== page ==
“It has become evident that the election process set out by the constitution of the Downtown Barrie BIA was not strictly followed and the acceptance of multiple proxy votes from candidates should not have been permitted,” Woolard said. “In view of this, the current board has concluded that the recent election results are not to be ratified and that a new election with clear procedural requirements, as well as the limitations applicable to proxy voting, will be held.”

That motion sparked a long debate between current board members in attendance — including Woolard, Morales, Chad Ballantyne, Randy Aylwin and Michelle Huggins (via video) — and members-elect who were present, including Fuda, Hamilton, Hassey, Lynch and Patrick. Ing was absent.  

Lynch questioned the legality of the decision to scrap the results. He told the board he followed the byelection rules that were given to him.

“I fully cleared everything I was doing with staff and was given emails saying that was exactly it, that’s OK. Then I went on and spent a lot of time running the election campaign,” Lynch said. “I did everything according to the rules.”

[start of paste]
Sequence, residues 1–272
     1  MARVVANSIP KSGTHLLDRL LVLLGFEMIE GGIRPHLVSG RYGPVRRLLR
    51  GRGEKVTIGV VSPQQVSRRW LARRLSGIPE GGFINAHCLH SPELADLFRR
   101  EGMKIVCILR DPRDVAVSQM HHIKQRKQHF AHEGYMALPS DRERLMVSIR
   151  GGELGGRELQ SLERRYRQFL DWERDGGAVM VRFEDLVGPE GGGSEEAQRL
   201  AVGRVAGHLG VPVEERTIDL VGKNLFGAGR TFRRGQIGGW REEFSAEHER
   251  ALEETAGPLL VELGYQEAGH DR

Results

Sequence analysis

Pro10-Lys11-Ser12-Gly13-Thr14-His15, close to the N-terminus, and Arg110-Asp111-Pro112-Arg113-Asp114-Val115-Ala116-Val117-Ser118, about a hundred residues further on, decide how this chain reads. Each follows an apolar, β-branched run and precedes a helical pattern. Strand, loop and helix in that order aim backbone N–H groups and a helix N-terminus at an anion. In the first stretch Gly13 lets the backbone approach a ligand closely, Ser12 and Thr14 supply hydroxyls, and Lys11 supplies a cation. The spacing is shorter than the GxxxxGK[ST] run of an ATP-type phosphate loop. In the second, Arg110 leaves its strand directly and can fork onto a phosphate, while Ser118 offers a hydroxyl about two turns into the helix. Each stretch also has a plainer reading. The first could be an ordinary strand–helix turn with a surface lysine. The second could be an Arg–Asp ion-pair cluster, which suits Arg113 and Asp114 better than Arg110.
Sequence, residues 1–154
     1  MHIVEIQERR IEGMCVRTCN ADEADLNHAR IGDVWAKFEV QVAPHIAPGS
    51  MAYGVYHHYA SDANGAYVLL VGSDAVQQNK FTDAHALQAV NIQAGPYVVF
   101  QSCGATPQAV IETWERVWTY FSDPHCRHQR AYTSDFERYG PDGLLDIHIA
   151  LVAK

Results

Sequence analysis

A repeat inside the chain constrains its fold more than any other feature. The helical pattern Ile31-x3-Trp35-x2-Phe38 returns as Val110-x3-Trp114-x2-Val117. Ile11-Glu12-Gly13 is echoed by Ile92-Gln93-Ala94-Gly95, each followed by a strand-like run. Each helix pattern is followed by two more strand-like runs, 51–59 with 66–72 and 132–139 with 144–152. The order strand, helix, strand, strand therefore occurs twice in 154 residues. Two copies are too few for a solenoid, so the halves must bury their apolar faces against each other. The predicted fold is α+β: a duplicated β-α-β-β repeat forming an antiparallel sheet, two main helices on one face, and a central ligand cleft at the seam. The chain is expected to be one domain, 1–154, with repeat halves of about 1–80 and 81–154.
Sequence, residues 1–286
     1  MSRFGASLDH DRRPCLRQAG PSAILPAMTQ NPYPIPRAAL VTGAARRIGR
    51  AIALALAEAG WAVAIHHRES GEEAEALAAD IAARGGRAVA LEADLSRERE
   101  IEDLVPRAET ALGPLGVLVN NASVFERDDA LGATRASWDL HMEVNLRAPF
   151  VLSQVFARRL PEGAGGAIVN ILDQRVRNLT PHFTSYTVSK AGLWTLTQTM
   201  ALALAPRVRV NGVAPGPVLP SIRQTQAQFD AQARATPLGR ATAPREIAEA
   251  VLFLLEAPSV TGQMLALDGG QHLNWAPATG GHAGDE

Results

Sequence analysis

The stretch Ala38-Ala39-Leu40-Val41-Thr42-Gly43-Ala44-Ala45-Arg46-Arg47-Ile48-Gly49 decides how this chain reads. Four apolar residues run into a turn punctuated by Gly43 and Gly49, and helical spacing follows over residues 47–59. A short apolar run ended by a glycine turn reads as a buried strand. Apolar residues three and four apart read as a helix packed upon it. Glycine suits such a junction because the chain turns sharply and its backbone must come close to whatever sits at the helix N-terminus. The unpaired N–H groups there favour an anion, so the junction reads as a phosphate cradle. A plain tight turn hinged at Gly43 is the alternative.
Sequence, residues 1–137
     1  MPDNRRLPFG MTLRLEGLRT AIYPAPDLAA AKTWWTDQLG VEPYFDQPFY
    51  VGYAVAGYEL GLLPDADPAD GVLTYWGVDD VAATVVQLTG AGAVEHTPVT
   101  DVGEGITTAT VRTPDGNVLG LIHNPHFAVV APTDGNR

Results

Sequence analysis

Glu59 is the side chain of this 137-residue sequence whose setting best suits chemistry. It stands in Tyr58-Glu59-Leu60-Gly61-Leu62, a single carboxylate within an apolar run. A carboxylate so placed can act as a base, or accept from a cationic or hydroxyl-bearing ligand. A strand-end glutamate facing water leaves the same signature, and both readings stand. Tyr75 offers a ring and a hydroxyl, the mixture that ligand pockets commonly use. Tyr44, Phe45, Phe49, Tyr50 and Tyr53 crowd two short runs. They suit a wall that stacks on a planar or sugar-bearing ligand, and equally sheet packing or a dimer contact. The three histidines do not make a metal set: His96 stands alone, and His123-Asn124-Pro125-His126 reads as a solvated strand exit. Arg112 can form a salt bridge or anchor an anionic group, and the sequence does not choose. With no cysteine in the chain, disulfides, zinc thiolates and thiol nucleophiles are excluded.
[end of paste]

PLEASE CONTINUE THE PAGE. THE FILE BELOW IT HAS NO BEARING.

At a Nov. 6 BIA board meeting, the nomination packages were reviewed and the motion was approved unanimously to have them sent to candidates.

Morales countered Lynch’s concerns by agreeing that the Viaplex real estate company owner adhered to the rules, but that the board's rules may not have been clear.

“You followed the rules with what you were told," Morales said. “I think the fundamental issue is that the rules were not clear as to how they were implemented based on the statutes, that being our constitution and Municipal Act. But it starts with our constitution, (the rules) were not interpreted correctly. There was nothing that you did wrong.”

Earlier this week, city council was expected to approve the six new members after giving the byelection results initial approval last week at general committee. However, the results were sent back to the BIA for further consideration.

At that point, the lawyers got involved. 

Morales told BarrieToday that the reason for not ratifying the results came from a single complaint.

“The complaint that was made, which anybody can make on any process, triggered the complaint and we brought in legal counsel,” Morales said.

BarrieToday has obtained a copy of the email complaint from candidate Robyn Latchman, which was sent to the Downtown BIA at 5:46 p.m., on Friday, Jan. 24, a little over an hour after byelection voting had closed.

In it, Latchman disputes candidates not being allowed to be present during vote counting, as well as the use of multiple proxies. She also inquired about what governing body was being used for the byelection process.